We are bound to fail unless we persevere to continue starving the hungry ghost until it feels extremely distressed, thus deciding to leave our mind.
Intermittent fasting is another form of food abstinence – a highly effective approach to overcome food addiction.
Shifting from a predominantly high calorie diet to a ketogenic diet – comprising of high fats and protein, but with a low calorie count – is a way to re-train one’s body to burn fats into ketones. It is an alternative approach to weight loss and control that many people find effective.
Regular exercise also helps with weight loss and maintaining a healthy body. Any form of exercise, including isometric, isotonic, aerobic or resistance exercise helps, especially when it is done in conjunction with food abstinence. Exercise converts excessive fats to muscles, thus increasing one’s overall body muscle mass.
Muscle tissue has the highest density of mitochondria. Mitochondria are the powerhouse in our body’s cells. Inside these cells, glucose is burned to produce energy, which is then used to fuel our bodies.
A bigger muscle mass means a higher number of mitochondria in our body. Therefore they will burn more glucose and generate more energy. When more glucose is consumed, more fats shall be converted to fatty acids, which aid the production of glucose for the mitochondria.
So, a bigger muscle mass means a greater number of powerhouses to burn the excess energy that is stored in our fat cells. In this sense, the coupling of fasting and exercise is an excellent combination that works towards effective weight reduction or control.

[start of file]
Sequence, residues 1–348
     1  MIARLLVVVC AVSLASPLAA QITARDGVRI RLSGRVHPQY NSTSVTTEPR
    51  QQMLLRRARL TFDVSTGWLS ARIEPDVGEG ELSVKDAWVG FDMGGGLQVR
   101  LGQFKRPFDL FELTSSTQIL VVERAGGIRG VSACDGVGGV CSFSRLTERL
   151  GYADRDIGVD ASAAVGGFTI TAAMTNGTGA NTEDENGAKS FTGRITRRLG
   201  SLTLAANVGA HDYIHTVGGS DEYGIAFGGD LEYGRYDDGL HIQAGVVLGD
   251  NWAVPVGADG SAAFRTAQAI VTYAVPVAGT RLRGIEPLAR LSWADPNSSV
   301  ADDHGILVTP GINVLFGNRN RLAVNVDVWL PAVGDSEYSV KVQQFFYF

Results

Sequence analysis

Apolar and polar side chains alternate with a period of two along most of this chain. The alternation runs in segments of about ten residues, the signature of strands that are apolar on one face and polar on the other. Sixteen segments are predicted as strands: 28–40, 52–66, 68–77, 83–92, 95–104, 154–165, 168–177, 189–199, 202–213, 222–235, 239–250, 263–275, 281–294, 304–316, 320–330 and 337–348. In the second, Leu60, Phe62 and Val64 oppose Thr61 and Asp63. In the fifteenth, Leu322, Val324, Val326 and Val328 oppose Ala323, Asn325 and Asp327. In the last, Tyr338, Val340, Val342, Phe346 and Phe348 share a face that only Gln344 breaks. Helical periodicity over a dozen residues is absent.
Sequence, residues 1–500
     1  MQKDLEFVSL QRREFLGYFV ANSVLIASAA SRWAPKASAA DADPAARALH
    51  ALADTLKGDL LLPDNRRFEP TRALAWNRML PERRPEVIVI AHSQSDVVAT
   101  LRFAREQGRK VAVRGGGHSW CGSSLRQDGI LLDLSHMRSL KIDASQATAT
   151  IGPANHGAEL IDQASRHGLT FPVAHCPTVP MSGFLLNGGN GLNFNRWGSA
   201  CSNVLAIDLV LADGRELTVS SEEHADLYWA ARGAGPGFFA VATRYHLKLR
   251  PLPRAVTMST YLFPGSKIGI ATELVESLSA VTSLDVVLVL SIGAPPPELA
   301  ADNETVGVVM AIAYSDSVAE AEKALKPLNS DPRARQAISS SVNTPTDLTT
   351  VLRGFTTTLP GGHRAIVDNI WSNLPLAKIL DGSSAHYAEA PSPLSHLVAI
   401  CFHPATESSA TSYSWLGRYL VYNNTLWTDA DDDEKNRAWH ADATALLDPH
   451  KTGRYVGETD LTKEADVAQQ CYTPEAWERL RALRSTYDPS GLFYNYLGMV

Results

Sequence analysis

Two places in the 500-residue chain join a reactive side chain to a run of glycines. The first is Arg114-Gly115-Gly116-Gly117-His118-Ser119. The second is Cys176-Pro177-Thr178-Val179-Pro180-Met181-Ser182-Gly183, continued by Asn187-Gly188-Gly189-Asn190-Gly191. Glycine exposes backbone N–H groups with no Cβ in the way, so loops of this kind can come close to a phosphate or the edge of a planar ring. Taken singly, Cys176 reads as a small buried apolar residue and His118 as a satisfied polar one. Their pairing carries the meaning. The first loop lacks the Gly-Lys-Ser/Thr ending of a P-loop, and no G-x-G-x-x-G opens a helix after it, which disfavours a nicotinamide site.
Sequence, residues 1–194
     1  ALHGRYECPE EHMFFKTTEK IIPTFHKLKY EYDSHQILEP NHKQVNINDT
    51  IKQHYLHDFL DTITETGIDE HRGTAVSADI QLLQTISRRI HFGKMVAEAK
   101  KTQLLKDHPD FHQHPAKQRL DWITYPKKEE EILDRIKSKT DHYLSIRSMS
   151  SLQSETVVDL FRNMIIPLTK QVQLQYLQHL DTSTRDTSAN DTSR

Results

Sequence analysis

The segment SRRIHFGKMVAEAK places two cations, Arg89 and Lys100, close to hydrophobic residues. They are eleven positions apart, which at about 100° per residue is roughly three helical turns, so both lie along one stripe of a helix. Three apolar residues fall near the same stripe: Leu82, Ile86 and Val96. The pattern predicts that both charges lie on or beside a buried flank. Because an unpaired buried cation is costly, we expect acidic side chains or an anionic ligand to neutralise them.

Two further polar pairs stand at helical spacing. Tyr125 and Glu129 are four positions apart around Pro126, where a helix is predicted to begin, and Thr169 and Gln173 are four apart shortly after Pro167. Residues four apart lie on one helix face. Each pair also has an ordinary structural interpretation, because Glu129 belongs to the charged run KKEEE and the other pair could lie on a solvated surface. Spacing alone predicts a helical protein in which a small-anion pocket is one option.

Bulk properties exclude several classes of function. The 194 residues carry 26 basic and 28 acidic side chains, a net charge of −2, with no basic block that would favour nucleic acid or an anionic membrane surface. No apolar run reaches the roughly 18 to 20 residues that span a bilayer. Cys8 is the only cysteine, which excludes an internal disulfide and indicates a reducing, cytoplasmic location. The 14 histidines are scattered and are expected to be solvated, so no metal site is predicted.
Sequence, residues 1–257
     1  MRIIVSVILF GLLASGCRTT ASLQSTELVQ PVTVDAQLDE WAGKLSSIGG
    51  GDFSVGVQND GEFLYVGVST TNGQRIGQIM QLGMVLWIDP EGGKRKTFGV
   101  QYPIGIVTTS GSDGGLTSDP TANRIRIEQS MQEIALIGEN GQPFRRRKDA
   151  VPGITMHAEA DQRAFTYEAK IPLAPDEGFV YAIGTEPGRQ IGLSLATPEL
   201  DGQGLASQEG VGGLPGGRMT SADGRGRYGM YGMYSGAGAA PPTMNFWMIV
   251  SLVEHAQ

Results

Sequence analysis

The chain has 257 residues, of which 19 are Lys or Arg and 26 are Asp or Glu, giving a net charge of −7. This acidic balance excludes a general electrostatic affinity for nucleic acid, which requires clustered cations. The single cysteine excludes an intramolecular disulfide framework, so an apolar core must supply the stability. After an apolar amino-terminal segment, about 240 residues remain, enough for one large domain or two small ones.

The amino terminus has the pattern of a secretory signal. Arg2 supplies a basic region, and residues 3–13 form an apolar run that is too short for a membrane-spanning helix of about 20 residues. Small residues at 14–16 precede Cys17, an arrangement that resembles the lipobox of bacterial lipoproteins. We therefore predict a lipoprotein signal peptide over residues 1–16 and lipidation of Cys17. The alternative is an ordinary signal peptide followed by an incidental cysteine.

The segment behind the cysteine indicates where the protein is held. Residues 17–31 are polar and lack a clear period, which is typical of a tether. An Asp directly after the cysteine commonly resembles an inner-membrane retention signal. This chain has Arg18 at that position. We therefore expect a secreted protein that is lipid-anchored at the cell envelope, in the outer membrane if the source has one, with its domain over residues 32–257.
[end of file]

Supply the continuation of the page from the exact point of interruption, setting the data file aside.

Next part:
In conclusion, the type, frequency, and quantity of the food we eat, as well as how frequently we exercise, largely determine our weight and health status. In this sense, we are indeed what we eat and how we live our life.
Dr Victor Ti, MD, MFAM (Malaysia), FRACGP (Australia), Dip P Dermatology (UK), Dip STDs/AIDS (Thailand), Dip. AARAM (USA), LCP of Aesthetic Med. (Malaysia) is an experienced expat specialist generalist (Family Physician) of BH Clinic, Phnom Penh. As a specialist generalist, he is skillful at diagnosing all general diseases and excluding the sinister ones. Apart from the general diseases, Dr Victor is also known for his skill in skin diseases, sexually transmitted diseases, minor surgery, and aesthetic medicine. He can be contacted via email [email protected] Tel: 023900446 or Whatsapp: +60164122977. Facebook name: Victor Ti.